Although profits increased with sales, the profit margin was slowly, but steadily, decreasing (see Table 1). These developments greatly troubled Delbert Price, President of ThermalCare. In early 1996 Delbert had a daylong meeting with his vice-presidents of marketing, finance, and operations, and their chief advisors. During the meeting the company's pricing policies, market competition, and business operations were scrutinized in detail. Everyone agreed that under the prevailing competitive conditions, ThermalCare's pricing and supply policies were effective, its sales staff was performing well, and the overall product quality was good. Even the vice-president of operations, Michael Nelson, agreed that the problem appeared to be in operations - per unit costs were increasing, rather than decreasing as one would expect with the increased production volume.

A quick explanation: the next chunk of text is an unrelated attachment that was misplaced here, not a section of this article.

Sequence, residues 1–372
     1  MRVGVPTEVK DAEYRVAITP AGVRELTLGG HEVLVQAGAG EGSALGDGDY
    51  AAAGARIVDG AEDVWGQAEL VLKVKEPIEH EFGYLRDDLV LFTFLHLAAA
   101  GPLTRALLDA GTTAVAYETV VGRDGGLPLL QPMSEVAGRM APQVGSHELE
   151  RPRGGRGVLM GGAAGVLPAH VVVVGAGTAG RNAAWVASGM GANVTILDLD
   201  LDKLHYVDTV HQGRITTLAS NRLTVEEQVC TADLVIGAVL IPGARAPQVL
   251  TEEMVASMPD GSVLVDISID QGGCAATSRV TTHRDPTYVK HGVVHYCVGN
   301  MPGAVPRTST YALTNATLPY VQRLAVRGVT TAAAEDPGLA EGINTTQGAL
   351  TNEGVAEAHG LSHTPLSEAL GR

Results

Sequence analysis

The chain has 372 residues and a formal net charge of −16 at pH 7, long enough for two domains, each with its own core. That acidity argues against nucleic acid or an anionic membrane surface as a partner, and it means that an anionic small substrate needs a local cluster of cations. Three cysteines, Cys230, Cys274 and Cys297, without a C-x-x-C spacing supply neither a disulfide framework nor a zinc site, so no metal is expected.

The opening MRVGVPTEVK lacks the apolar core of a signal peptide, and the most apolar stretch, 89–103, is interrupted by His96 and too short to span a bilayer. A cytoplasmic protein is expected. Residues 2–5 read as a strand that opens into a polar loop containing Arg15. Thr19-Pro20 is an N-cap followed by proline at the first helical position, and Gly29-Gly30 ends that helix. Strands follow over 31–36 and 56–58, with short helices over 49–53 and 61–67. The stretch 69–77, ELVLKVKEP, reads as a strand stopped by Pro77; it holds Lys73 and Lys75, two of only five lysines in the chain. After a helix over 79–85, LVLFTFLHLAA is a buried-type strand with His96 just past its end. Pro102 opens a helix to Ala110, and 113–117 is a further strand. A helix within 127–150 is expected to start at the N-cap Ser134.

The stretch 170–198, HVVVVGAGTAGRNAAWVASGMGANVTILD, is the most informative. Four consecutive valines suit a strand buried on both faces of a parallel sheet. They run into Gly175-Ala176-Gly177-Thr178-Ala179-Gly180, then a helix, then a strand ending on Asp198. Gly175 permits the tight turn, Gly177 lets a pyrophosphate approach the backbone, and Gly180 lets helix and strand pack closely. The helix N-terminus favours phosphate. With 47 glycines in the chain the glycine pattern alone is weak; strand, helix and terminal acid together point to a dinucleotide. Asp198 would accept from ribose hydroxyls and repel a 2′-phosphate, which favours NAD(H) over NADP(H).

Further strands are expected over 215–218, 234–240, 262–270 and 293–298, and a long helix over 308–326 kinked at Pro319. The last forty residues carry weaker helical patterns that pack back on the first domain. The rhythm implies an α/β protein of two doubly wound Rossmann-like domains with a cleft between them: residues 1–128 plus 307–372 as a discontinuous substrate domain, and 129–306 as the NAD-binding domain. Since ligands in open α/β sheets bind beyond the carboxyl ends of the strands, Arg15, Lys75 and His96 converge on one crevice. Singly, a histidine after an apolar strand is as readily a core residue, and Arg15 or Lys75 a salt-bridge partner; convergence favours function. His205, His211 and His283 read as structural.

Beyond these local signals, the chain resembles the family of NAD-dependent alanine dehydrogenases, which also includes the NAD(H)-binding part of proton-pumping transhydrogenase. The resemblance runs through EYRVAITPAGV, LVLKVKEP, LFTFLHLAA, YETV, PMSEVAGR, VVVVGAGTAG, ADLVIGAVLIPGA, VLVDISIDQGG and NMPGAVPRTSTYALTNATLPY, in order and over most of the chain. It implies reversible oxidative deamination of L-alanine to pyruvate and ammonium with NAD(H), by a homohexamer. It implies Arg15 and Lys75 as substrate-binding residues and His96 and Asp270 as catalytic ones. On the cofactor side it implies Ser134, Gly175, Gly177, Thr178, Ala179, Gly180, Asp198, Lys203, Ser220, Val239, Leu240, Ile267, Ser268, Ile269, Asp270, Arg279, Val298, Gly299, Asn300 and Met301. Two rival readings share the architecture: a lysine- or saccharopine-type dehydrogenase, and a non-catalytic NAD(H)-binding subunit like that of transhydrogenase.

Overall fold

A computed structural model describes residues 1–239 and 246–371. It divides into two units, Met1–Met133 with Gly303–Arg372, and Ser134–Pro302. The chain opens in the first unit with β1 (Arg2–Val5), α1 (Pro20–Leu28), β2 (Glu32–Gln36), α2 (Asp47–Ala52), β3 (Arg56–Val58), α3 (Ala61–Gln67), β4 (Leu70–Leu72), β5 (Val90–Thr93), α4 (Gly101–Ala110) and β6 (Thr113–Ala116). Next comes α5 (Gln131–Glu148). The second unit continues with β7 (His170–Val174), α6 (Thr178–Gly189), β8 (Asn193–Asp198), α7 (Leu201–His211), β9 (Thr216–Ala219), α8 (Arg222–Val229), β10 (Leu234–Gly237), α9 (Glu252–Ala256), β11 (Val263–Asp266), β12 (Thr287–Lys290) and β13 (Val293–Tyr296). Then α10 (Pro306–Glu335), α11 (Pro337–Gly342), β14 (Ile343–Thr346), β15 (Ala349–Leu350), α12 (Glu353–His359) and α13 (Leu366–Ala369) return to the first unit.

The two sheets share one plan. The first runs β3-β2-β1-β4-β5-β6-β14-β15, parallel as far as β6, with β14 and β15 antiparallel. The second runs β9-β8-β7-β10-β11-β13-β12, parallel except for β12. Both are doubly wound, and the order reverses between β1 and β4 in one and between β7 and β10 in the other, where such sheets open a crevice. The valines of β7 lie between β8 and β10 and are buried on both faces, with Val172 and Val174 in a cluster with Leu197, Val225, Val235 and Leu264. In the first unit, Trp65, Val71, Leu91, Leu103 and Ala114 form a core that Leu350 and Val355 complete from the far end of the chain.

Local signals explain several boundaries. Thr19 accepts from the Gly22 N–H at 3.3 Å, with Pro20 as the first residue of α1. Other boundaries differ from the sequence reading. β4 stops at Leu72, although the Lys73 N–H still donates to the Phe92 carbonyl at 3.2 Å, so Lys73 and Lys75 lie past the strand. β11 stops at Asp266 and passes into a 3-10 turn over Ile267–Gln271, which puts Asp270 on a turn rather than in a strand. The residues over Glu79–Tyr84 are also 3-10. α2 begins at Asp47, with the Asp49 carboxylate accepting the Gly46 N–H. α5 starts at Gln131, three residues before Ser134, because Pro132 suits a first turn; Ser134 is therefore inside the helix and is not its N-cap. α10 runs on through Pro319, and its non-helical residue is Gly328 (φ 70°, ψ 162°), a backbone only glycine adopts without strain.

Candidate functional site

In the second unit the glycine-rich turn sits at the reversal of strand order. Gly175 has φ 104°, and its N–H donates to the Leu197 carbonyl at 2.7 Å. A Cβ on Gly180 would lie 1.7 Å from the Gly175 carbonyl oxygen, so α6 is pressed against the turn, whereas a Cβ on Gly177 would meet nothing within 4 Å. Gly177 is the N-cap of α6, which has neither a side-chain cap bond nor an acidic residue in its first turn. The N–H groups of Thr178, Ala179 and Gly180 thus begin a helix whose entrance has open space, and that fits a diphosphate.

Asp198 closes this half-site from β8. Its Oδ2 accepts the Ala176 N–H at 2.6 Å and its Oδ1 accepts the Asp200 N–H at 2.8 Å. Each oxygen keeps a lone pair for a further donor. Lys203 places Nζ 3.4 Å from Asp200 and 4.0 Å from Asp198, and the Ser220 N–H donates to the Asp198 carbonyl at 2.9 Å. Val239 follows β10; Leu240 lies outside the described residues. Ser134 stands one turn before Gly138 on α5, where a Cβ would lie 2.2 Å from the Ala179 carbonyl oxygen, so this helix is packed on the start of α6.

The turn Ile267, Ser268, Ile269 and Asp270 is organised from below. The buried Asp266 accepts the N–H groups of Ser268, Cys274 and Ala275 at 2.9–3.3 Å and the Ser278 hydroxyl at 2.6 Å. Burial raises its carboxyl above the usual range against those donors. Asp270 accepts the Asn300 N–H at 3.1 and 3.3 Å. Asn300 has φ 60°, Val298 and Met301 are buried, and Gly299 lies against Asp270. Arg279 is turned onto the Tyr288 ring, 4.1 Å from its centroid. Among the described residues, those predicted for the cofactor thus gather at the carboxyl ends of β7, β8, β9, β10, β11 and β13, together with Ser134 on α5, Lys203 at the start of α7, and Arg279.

There appeared to be three main problem areas. First, the surge in demand forced ThermalCare to utilize overtime production to a large extent. (This was especially true during the Autumn and Winter, when demand was often 2-3 times the average rate.) Because ThermalCare's production process is relatively labor-intensive, the high overtime pay (sometimes as much as twice the regular time rate) increased the labor cost per furnace system. To solve this problem, and to prepare for future sales growth, ThermalCare had added another production shift and was expanding its facilities and was adding more production work cells. These changes were expected eventually to reduce per furnace labor costs, but until the new workers gained experience and the normal start-up problems in the new production cells were resolved, labor costs would remain abnormally high. Michael assigned a special task force to monitor the expansion of production capacity, but he was confident that these savings would begin to appear within the next 6 months.